THERE is an expression that we go "two steps forward, and one step backwards"; and in relation to our thinking and our concepts, with a certain point of view, a direction in thought or concern brings us one step back from the advance to survey that which we have encountered or ventured into. It may be perceived as an act of hesitation, a guarded reluctance, but more properly it is a cautionary sense of proportional inquiry.
Moreover also, it does lead to sympathy when implicated and referred to one's own experience or recall, whereby the conscience itself is consulted and is allowed to speak.
When we take the time to review and to survey that which is set before us, we pull up the steed of activity and give over to that which is brought before us, either through our attractions or another's design. And in order to completely grasp any particular concept or for that matter, situation, we must allow for that 'one step back' rather than push to move forward continually at all costs.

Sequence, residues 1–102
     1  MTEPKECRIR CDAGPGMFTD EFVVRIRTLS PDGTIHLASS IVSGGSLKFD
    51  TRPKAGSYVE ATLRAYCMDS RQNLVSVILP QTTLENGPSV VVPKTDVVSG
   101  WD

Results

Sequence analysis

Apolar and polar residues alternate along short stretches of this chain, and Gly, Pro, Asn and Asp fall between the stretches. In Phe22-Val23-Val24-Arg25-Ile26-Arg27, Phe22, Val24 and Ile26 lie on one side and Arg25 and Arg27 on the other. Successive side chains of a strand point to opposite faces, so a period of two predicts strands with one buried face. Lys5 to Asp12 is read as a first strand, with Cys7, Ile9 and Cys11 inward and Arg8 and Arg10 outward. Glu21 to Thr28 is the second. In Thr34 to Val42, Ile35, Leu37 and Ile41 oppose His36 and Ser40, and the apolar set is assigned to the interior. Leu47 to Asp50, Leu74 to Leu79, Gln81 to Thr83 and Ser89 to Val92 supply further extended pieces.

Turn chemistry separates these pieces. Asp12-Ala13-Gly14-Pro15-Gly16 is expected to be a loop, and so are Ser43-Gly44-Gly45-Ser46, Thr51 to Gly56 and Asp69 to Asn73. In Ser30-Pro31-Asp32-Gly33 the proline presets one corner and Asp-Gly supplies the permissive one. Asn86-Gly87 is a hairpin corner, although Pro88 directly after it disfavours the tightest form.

Were that the General had no concern for the welfare of his army and was predisposed to concentrating only upon the next battle, the next victory, he should have lost his men through fatigue or hunger way before any fight was to commence.
Concern is vital and is good practice even when one does not feel desirous to employ the traction of sincere review. One may not calculate without concern. All rash actions which prohibit the necessary time given or effort afforded, are usually regretted in a later time when consideration is finally afforded.